As more schools embrace laptops in the classroom and swap paper textbooks for digital, education technology (EdTech) initiatives have never been trendier. Many educators are finding new and innovative ways to use technology to broaden students’ horizons, enrich their learning, and help them develop necessary technological skills. For any of this to be possible, a whole lot is riding on the network.
To the Vail School District, the relationship between successful EdTech initiatives and healthy network performance is nothing new.
The district provides K-12 education to a large and rapidly expanding community twenty miles south of Tucson. For over a decade, they’ve attracted national media attention for their EdTech initiatives. The Vail School District opened the nation’s first textbook-free high school in 2005. Today all 18 of their schools are no-textbook. As one of the best-known school districts in Arizona, they are also the largest provider of digital content in the state of Arizona.
What the district has learned is that their heavy reliance on technology in the classroom makes smooth network performance absolutely essential.
In a Wi-Fi World, Downtime isn't an Option
Matt Federoff, Chief Information Officer for the Vail School District, said, "You don't use network monitoring software to show you what's broken. You use it to learn what normal looks like." With no sense of normal, glitches go unnoticed and turn into critical outages that directly impact student performance.
For the Vail School District, technology use in the classroom is a given. A 1:1 computer-to-student ratio is now the standard for all high schools; every student either brings their own laptop or uses a school-issued Chromebook. Teachers use free, digital instructional tools from Open Educational Resources (OER) instead of textbooks, and blogs and email to correspond with parents. Statewide assessments take place online instead of on paper.
Federoff says the district’s biggest IT challenge isn’t bandwidth —“It’s not 50 kids watching 1 YouTube video.” Instead, it’s the fact that students are constantly accessing smaller pieces of content, which puts a huge load on the overall network infrastructure.
Years ago, a working, reliable phone was seen as a “God-given right,” Today, wireless networking capabilities are our assumed right, wherever we are—“not Starbucks-quality wireless, but enterprise quality wireless.” In the educational world, when learning depends on working technology, Federoff said it “can’t not work.”
And anytime the network is down, the situation has to be responded to immediately.
Know Your "Normal" with Network Monitoring
When Federoff first started working for the Vail School District, Intermapper was one of the first purchases he made. At the time, the district had no network monitoring or mapping software. Federoff learned about Intermapper in Macworld Magazine and choose it because it was modestly priced compared to other software providers with “outrageous, absurd pricing.”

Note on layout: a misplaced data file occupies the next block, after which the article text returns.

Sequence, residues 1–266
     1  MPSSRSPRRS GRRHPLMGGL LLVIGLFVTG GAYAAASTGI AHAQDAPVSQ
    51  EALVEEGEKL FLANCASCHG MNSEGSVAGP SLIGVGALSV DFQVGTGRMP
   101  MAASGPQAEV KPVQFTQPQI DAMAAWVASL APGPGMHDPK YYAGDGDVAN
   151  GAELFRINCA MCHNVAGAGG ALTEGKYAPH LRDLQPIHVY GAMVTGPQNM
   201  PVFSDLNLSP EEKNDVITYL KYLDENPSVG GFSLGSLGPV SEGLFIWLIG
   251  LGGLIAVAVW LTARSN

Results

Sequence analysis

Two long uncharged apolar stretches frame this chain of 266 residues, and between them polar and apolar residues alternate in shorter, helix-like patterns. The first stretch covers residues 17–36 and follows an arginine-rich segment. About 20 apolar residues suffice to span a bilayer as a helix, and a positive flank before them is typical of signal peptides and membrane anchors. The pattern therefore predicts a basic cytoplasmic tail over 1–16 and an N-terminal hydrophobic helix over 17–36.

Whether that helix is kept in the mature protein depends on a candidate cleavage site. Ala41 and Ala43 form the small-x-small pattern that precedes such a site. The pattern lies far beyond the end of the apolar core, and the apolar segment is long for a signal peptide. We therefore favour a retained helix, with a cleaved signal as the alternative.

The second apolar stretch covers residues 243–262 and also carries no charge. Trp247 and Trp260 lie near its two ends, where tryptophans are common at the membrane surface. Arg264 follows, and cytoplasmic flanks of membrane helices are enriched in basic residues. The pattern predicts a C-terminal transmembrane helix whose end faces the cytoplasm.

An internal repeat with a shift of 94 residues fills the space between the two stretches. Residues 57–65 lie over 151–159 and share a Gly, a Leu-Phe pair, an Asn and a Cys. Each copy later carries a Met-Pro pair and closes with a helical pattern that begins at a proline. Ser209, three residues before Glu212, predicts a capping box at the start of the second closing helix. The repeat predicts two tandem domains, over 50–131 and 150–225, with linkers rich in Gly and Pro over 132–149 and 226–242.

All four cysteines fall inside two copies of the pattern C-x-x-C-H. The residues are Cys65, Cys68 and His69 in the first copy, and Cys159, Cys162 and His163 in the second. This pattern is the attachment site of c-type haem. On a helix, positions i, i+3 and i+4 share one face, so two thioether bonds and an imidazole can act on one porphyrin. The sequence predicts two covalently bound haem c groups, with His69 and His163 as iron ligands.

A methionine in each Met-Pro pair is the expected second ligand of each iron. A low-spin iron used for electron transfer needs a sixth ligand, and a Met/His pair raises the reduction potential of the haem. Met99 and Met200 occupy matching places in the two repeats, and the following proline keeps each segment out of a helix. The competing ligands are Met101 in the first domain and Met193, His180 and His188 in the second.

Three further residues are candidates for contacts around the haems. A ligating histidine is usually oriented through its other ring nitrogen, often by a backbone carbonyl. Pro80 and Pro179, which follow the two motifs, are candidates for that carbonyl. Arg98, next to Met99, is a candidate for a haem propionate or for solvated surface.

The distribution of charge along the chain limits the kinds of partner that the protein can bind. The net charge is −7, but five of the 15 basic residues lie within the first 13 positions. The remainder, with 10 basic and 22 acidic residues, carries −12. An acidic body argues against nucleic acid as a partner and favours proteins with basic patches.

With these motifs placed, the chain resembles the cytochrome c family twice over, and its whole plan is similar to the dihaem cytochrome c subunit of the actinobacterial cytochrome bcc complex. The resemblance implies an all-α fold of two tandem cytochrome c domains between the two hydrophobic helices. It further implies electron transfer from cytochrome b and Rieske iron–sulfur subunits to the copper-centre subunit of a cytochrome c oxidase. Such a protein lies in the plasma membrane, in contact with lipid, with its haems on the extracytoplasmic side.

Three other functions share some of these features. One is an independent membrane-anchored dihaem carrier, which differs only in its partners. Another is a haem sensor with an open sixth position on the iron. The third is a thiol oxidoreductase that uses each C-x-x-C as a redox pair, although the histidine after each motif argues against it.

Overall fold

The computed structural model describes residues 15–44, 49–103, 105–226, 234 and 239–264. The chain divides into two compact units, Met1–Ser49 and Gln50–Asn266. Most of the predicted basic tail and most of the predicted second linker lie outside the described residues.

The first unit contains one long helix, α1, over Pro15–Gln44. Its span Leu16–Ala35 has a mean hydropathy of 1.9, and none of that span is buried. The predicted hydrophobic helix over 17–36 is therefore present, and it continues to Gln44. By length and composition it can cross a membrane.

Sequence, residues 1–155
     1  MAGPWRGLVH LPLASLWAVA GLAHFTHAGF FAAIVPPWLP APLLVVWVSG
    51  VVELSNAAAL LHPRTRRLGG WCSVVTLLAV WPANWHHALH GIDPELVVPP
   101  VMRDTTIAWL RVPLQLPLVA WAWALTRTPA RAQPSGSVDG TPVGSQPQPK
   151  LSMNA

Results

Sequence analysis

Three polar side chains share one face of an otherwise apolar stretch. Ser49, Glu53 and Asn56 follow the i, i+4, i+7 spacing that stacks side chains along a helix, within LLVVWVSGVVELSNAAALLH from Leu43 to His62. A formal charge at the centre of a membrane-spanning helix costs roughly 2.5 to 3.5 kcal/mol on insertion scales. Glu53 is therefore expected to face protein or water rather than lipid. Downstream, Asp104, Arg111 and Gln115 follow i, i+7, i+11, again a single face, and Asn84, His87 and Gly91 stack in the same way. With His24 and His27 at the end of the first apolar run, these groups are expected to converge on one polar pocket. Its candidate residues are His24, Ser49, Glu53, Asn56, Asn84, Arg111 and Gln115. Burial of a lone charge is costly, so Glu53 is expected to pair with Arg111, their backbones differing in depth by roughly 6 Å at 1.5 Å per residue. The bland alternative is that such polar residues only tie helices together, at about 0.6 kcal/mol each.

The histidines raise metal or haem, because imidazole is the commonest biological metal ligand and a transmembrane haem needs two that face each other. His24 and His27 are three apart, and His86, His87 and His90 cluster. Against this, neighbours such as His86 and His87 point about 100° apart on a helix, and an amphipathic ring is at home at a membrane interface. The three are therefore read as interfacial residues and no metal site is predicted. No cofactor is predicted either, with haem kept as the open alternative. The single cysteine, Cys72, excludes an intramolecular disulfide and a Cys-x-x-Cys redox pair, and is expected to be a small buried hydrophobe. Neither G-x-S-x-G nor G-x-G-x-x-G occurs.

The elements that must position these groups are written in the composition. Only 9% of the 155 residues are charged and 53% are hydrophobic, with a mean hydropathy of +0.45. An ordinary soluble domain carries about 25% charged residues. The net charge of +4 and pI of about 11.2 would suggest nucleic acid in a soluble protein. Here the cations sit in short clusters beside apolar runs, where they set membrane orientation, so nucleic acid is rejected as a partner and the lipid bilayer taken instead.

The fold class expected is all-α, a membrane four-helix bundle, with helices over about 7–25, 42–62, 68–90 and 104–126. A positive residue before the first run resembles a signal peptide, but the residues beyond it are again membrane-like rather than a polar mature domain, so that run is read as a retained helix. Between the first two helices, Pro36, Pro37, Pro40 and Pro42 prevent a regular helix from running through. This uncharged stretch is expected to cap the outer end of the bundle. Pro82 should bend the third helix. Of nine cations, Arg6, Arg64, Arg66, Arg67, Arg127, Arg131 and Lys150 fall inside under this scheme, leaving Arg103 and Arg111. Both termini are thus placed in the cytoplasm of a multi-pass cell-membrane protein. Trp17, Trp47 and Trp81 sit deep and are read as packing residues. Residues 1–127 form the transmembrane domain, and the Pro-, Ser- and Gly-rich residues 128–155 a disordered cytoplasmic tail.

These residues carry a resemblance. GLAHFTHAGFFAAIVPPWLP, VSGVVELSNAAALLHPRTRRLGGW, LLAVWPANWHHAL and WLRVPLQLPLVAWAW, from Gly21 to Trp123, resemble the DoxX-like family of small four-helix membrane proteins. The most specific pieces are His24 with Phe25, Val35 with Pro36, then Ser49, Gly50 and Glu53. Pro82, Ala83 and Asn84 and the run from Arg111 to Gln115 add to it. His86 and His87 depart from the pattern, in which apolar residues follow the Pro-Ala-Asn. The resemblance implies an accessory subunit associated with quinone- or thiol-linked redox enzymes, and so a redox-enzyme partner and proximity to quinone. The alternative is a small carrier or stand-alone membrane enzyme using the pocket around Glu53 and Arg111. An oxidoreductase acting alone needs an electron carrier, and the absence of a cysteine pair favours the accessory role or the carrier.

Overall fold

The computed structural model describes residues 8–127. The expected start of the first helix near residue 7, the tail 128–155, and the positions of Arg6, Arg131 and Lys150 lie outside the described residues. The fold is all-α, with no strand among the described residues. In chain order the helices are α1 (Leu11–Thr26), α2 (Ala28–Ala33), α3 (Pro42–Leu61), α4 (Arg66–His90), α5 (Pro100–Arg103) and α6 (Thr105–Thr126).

Sixteen years later, the district is still using Intermapper.
Monitoring day-to-day traffic with Intermapper gives the school district an understanding of what normal traffic patterns look like. In the Vail School District, the IT team of 26 call their Intermapper installation the “big board.” Looking at the big board gives Federoff and his team an immediate synopsis of network health: whether everything’s healthy and flowing, or whether there’s cause for concern. (You can see the Vail School District here) Half a dozen employees also have remote access, which enables them to pull up the same network map wherever they are.
Detecting and preventing network issues becomes much easier with a current picture of network performance. Networks can have “catastrophic failures,” said Federoff, but more often than not, bigger issues are preceded by an intermittent failure that will appear and then disappear.
Case in point: when the school district added another grade to their 1:1 program last year, they were seeing intermittent slowdowns and poor performance on the network. Then IT put a trace on their core switch. It was quickly clear that the particular switch was completely overloaded— “Intermapper revealed that,” Federoff said. They were able to replace the switch and see traffic return to normal.
What does the school district like best about Intermapper? It’s easy to use, for one, said Federoff. They like seeing the network mapped visually. The software’s ability to work across platforms is also beneficial, as the school district’s technology runs primarily on Mac, but as the network has expanded, they’ve also needed to monitor Windows servers.
Explosive District Growth with the Right Tools
When the Vail School District started using Intermapper, there were only three schools. Today, having expanded to 18 schools, the district continues to provide students with enriching EdTech classroom initiatives even as the network has grown tremendously. “Frankly,” said Federoff, “I don’t know how I’d have gotten here in the thoughtful way we have without having (Intermapper) at my disposal.”
“It does what it says it’s going to do,” added Federoff. “We’re satisfied customers.”
Monitor Growing Networks with Intermapper
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